Genesee unveils grandeur of past
- This story was sent to you by: Rugani
I was in this theatre through the mid-70s until it closed.
Genesee unveils grandeur of past
Cosby will open Waukegan theater
By Trine Tsouderos
Tribune staff reporter
October 13, 2004
Comedian Bill Cosby will open the newly restored Genesee Theatre on Dec. 3, kicking off what officials hope will be a new era for Waukegan.
With its massive crystal chandeliers, lushly painted decorative plaster and state-of-the-art sound system, the Genesee was restored--at a cost of $23 million--to attract visitors to downtown.
"This will make people believe Waukegan is on its way back," Mayor Richard Hyde said Tuesday.
And Cosby as an opening act "is like coming out of the starting blocks," Hyde said.
City officials are banking on the 2,500-seat Genesee drawing people--and their entertainment dollars--to Waukegan and its lakefront, which the city wants to transform with shops, restaurants and homes. So far, a parking deck and some housing are under construction downtown.
"Things are happening all over the place, and it is an exciting time for Waukegan," said city spokesman David Motley. "We're looking at it as a catalyst for change in downtown."
City officials gave tours Tuesday to reporters and other guests as workers installed red velvet seats and technicians tested the sound system.
"It is a first-class facility," said David Rovine, general manager of the Genesee for SMG, the Philadelphia arena, theater and convention center manager recently hired to run the Genesee. "There are no limitations because it is so grand."
Rovine declined to name other acts to follow Cosby or to say how many he expects to book a year.
He said the Genesee will bring something for everyone, from Broadway-style shows to concerts to comedians.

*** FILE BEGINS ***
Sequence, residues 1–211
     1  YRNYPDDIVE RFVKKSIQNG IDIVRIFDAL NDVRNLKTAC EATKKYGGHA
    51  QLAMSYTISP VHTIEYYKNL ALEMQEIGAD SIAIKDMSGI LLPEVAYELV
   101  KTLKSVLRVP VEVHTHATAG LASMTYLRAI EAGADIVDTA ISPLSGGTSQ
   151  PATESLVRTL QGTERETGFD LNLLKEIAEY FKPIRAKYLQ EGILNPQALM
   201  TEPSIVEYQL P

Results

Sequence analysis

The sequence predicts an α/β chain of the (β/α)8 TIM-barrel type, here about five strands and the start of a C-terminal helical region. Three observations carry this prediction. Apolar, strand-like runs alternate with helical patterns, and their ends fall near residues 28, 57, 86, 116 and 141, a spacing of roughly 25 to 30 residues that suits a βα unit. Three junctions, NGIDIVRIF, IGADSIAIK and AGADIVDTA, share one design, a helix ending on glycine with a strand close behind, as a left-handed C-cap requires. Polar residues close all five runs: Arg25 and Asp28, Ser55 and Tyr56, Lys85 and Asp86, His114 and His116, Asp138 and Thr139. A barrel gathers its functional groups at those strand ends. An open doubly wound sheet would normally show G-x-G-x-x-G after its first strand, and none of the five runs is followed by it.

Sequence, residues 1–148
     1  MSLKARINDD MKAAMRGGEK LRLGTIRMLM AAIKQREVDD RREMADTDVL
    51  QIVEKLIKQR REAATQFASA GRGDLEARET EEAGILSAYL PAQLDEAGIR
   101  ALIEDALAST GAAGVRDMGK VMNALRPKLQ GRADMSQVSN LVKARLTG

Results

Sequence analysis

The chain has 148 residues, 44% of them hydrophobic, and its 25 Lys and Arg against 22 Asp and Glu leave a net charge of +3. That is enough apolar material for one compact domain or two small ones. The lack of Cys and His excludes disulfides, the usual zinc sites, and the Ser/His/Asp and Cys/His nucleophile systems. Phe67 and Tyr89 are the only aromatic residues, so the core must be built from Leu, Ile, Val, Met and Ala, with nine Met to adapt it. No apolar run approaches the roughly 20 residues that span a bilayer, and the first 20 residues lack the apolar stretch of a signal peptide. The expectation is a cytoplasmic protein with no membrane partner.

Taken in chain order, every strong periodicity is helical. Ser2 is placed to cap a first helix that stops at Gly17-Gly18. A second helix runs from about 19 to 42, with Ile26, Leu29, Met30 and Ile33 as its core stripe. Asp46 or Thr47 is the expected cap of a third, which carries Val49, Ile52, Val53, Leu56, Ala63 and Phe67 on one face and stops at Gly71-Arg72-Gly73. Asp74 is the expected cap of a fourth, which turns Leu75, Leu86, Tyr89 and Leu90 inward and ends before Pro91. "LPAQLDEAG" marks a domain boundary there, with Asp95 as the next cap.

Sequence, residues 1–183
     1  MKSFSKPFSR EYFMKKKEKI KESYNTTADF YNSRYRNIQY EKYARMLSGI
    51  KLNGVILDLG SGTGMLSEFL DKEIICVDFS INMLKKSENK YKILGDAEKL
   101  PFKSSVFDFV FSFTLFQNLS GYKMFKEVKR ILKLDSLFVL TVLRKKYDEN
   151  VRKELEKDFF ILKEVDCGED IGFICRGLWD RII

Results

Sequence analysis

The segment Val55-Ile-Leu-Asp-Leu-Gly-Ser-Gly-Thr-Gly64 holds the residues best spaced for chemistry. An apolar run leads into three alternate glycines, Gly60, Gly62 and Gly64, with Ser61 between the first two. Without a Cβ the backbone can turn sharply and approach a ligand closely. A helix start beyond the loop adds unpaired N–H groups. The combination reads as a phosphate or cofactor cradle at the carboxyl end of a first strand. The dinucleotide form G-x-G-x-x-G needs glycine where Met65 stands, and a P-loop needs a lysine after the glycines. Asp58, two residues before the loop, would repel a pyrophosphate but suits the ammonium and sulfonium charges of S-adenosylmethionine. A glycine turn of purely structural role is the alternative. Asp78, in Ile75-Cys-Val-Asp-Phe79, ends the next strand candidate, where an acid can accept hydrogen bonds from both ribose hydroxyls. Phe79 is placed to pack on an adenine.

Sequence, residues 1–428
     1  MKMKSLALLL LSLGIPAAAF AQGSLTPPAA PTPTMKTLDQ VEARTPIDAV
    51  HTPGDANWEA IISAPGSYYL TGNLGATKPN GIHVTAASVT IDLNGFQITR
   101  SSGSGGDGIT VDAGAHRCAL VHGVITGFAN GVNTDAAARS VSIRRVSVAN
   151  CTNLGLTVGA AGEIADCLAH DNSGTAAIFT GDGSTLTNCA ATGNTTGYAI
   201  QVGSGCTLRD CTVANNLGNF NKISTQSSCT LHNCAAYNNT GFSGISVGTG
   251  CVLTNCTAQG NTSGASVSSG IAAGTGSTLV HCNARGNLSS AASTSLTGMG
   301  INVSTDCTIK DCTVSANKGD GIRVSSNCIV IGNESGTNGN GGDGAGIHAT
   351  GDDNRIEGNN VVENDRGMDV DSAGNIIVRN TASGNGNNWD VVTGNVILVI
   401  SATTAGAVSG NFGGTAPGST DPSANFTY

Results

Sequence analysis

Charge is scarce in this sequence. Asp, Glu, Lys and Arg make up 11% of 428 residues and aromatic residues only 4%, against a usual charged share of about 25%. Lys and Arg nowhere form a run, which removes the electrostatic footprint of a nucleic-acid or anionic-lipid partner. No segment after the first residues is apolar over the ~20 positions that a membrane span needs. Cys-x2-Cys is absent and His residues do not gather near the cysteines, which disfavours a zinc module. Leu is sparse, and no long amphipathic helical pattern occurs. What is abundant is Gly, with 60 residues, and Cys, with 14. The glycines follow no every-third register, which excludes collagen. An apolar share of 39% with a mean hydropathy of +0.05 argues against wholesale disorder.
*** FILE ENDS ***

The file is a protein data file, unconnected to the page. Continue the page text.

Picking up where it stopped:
"We will really match the makeup and temperament of the people here," he said.
In many ways the Genesee, opened in 1927 and closed in 1982, harks back to downtown Waukegan's heyday when it was a bustling host to several grand theaters and their many patrons.
"There were lines down to Sheridan Road," said Hyde, remembering the Genesee of the 1930s. "And it cost 15 cents to get in."
Waukegan native Jack Benny premiered movies at the Genesee, which also put on circuses and musical acts.
But the restoration of the theater has not been without controversy. The project's cost originally was pegged at $15 million, and it's also opening a year later than planned.
And some residents still bring up the messy departure of Ray Shepardson, a national theater restoration expert who oversaw the project. Shepardson left earlier this year after quarreling with Friends of the Historic Genesee Theatre, a non-profit group formed to help raise funds for its operation.
Among other things, Shepardson and the non-profit disagreed on his programming strategy, which called for 200 to 300 shows a year. Some city officials and members of the Friends board called that plan unrealistic.
Illinois Sen. Terry Link (D-Vernon Hills), a member of the board, acknowledged the acrimony.
"We've had a lot of bumps in the road, and we have had a lot of peaks and valleys," Link said. "But the only thing that matters is the peak of Dec. 3."
Calling the Genesee one of the finest theaters in the country, Shepardson said he was heartbroken over what happened.
"I just think it's very unfortunate that my approach to programming and operation of the theater has been abandoned," he said. "Mark my words. Start counting the shows and you won't need all of your fingers and all of your toes."
But those thoughts were far from the minds of many who waited outside the Genesee on Tuesday afternoon for the announcement of the opening act. Tickets for Cosby will go on sale at 10 a.m. Oct. 22 through Ticketmaster. Prices haven't been announced yet.
"Contrary to what Chicago thinks," said Mike Pasiewicz, a local native with memories of the Genesee before it closed, "there is a Waukegan, and we are moving on up."
Copyright (c) 2004, Chicago Tribune